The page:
In 2017, four of my favorite books were non-fiction. This year, while I read some non-fiction, none of them made my “best of” list. Here’s the 2017 list, if you’re interested.
I read more excellent YA fiction this year than last, though my list is still pretty eclectic. Here’s my list on Goodreads, if you’re interested. The count is a little different from my personal tally; Goodreads had a glitch midway through the year, and I’m guessing they missed recording a few. Of the 143 number of books I read last year, these are my favorites.
Voyager, by Diana Gabaldon (Historical fiction): These books just keep getting better. I love books that aren’t any one thing, and these books cross lines of historical fiction, romance, science fiction, and fantasy. Jamie and Claire are fantastic main characters, and their chemistry is wonderful.
A Little Life, by Hanya Yanagihara (Literary fiction): A friend of mine really wanted to read this book, but had heard that it was horribly depressing. The back cover copy seemed interesting, so I said I’d read it along with her. And it happened to match a Popsugar category (a book with an ugly cover), so I killed two birds with one stone.
I read this book almost a year ago now, and I’m still thinking about it. When I first finished it, I couldn’t decide if I loved it or hated it. It’s horribly sad, but also says some wonderful things about relationships. As time has gone on, and I’ve gotten some distance from it, I like it better. That being said, I wouldn’t recommend this book to everyone.
I Remember You, by Cathleen Davitt Bell (YA Romance/ Fantasy): This book was an unexpected favorite for me. It had intriguing back cover copy that made the book sound a bit sinister. It’s not really; it’s a lovely romance with some twists I never saw coming. I read it several times this year, and it was just as good on audiobook as it was in print.
Uncanny, by Sarah Fine (YA thriller): Uncanny is a wild ride. Every time I thought I understood what was going on, there was a twist. Cora can’t remember what happened the night her sister died, and she turned off her brain-computer interface. As she tries to piece together what happened along with an android therapist, things get more and more sinister.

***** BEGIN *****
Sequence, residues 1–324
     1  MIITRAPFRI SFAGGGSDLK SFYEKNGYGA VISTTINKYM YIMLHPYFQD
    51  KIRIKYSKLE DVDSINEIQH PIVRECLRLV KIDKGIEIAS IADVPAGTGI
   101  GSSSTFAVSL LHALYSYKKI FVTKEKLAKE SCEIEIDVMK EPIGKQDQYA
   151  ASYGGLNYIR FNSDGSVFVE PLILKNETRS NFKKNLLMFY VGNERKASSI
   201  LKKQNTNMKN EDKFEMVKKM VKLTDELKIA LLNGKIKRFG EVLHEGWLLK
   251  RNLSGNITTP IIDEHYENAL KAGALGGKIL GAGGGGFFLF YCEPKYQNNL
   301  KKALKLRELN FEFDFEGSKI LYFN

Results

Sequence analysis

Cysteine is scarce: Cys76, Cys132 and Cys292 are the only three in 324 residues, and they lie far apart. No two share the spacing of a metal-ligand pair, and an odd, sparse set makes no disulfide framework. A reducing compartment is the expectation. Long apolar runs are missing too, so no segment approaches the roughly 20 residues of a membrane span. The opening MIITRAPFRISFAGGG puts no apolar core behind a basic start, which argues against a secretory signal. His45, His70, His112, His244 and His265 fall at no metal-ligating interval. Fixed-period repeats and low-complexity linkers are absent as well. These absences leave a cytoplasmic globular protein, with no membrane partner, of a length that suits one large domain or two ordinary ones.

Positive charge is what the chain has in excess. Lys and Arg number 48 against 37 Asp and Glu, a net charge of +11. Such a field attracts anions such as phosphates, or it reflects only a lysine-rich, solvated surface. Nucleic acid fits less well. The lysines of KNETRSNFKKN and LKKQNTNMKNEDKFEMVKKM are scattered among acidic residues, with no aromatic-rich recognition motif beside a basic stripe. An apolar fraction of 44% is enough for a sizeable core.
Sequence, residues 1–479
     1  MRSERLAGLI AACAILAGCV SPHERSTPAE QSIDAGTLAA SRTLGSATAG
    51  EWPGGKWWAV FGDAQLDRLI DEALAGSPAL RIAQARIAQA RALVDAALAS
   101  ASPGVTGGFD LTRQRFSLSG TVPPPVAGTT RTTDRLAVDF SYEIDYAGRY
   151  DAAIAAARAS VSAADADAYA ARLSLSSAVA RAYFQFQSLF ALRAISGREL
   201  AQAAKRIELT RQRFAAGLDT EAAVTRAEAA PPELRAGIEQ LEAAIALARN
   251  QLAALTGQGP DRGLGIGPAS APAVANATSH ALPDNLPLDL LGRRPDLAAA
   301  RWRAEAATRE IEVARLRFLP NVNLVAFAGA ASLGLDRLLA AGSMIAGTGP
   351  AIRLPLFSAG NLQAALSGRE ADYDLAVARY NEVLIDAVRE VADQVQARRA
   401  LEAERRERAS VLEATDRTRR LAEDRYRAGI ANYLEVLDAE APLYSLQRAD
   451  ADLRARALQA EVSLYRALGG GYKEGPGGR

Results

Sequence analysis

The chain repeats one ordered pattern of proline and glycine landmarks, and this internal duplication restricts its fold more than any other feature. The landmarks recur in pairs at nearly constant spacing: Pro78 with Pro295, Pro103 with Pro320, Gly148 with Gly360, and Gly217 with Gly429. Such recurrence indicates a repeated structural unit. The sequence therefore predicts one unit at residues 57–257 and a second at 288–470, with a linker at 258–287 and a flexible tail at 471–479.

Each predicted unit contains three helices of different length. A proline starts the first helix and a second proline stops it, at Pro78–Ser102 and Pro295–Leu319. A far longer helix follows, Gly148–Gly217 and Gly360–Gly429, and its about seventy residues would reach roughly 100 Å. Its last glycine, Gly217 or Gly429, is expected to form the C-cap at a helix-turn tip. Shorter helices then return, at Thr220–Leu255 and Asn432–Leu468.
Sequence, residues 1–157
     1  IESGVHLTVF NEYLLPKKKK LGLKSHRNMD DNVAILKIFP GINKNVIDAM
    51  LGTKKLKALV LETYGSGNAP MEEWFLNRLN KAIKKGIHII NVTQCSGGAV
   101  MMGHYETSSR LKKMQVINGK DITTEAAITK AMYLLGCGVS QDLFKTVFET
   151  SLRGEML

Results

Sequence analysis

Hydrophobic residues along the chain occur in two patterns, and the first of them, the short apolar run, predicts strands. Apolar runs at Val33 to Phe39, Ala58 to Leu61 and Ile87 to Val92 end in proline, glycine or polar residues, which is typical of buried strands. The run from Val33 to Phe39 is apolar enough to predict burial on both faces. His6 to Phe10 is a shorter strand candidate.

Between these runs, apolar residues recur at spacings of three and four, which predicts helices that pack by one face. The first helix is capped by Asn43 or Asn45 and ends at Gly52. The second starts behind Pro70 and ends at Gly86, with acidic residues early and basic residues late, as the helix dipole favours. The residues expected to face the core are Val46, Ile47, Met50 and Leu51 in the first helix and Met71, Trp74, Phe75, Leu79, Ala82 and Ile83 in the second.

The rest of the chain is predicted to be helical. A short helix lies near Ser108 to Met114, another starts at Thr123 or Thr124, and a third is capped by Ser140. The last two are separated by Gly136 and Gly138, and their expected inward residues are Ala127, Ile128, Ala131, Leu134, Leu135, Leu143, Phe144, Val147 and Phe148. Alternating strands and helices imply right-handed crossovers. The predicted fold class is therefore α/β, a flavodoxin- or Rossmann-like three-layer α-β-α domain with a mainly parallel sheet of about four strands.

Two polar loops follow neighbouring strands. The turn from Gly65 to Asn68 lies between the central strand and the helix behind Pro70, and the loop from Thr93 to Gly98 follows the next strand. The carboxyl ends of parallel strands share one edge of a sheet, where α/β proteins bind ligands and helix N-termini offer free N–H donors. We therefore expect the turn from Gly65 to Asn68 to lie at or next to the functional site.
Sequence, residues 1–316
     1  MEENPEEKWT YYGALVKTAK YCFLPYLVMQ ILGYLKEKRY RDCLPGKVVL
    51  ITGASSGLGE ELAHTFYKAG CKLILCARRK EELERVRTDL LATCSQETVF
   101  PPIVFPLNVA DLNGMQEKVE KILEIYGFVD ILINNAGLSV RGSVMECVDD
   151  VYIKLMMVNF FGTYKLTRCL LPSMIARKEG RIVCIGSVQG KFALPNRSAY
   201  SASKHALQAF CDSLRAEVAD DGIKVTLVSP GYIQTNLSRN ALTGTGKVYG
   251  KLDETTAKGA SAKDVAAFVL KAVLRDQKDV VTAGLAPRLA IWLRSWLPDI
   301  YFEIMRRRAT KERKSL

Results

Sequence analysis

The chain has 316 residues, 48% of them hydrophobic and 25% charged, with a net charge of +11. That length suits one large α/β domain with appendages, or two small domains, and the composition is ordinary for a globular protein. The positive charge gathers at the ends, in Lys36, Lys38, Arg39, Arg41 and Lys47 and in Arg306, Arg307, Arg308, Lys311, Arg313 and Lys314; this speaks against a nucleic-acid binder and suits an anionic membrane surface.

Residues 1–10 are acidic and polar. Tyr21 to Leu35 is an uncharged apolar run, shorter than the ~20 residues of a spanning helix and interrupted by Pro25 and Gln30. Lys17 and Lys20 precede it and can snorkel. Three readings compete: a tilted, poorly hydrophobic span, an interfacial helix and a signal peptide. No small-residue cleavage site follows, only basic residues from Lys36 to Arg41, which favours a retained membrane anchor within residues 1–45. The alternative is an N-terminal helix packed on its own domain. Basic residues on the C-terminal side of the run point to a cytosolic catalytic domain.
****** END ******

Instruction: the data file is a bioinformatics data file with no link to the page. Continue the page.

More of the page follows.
The Woman in the Window, by AJ Finn (Mystery/ Thriller): I really dislike the “main character is a drunk unreliable narrator and no one believes her” genre. I’ve read several books like that, and I’m over it. Because of that, I didn’t really enjoy the first half of this book because it seemed like more of the same. But a friend insisted I’d like this book, so I went with it.
Midway through the book there was a twist I didn’t see coming, and once it happened, I couldn’t put the book down. It was totally worth reading.
The Girl from the Well, by Rin Chupeco (YA horror/ paranormal): I got this book from a search I did for “best YA horror.” It was recommended on several sites, so I gave it a try.
It’s very different horror, borrowing Japanese lore to create a ghost story that’s just fantastic. Okiku is a ghost who kills child murderers, but is otherwise not really interested in the living. Tark is a teenager with weird tattoos and a strange past. When Okiku notices him, the fun begins.
Because You’ll Never Meet Me/ Nowhere Near You, by Leah Thomas (YA science fiction): I seriously had no idea the first one was science fiction until midway through the book. Two boys write letters to one another on the advice of their doctor. Ollie is allergic to electricity. Moritz has a pacemaker. They know going into the friendship that they’ll never meet. They’re such opposites that they don’t expect to find common ground, but they do. Their voices are so different, yet complement one another so well that I enjoyed every minute of these strange books.